Review: Romeo and Juliet (Theatre Royal Glasgow)
Updated: Jun 2, 2022
Romeo and Juliet is notoriously difficult to stage. Being probably the most famous play of all time puts pressure on to produce something that is at least a smidge original and yet not so much that it loses the text is the swamps of contemporary adaptation. In the RSC’s touring production directed by Erica Whyman, the tragic tale of the two star-crossed lovers has an unspecified but contemporary setting, kitted out in jeans and leather jackets and staged around a large swiveling cube.
The first thing that captures your attention is how young the cast is, or at least how young they all appear to be. Whyman’s direction restores some much-needed adolescence to the story through the hormonal, adrenaline-driven aggression between the houses of Capulet and Montague and the rash nativity of the two young lovers (though rest assured that Juliet is not at such a young age as in the original play). As such, the show isn’t afraid to be swept up in the boyish joy of the Montagues’ preparing to crash the Capulet’s party, nor to laugh at Romeo’s achingly overwrought poetry.
Bally Gill’s performance as Romeo is the highlight of the show. From the moment he enters the stage, hood pulled up with the elastic pulled so as to only show his pouting mouth before gleefully revealing his face to greet Benvolio (Josh Finan), you get a sense of his bold yet lovable character. When the stakes are raised, Gill portrays the overriding passion that makes every crazed action believable. Juliet, played by Karen Fishwick, also gives a strong performance. Upon learning that Romeo has killed her cousin, her distress and horror at her torn loyalties shifts the tone of the whole play, and her starry-eyed adoration of Romeo is reminiscent of the teenage awkwardness of discovering love.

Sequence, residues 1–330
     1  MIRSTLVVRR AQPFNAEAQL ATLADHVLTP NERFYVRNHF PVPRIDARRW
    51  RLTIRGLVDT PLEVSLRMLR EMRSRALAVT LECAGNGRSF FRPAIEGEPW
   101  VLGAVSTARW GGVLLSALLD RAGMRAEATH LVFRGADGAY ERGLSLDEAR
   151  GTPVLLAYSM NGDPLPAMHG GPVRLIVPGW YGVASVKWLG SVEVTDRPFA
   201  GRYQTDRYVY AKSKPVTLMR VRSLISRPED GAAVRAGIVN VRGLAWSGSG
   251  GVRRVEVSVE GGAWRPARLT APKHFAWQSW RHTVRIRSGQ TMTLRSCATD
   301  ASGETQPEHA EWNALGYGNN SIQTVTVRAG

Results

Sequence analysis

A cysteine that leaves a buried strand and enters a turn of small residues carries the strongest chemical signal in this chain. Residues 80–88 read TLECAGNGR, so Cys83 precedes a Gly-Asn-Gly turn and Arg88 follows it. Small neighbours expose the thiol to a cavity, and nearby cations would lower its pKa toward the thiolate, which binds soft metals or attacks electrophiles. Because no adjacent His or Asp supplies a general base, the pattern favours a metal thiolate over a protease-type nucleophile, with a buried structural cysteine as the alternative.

Aside from the central couple, the quality of the performances is quite uneven. While the young ensemble definitely deserve props for their performances and choreography, a few of the central performances are questionable, most notably Charlotte Josephine as Mercutio. Her movements are as constant as if she had ants under her skin. Though the movements are very sharp it becomes exhaustingly energetic, and that energy becomes a crutch for the rushed dialogue. Raphael Sowole suffers from the opposite problem as Tybalt, as he lacks the threatening edge necessary for the Prince of Cats.
Like the acting, the directing and staging has its ups and down as well. The first scene is a mess, both visually and narratively, but other iconic scenes like the balcony scene and the party scene are visually rich. The latter in particular is creatively handled, with the revellers bathed in turquoise and dancing in slow motion while Romeo delivers his love-struck monologue. The show may be a mixed bag in places, but Fishwick and Gill’s performances make it a worthy revival. Three stars.
Whispers from the crowd: “I really liked Romeo and Juliet, I thought the young cast were much stronger. The older cast were much shoutier, but the Friar (Andrew French) was excellent. I also loved the production value”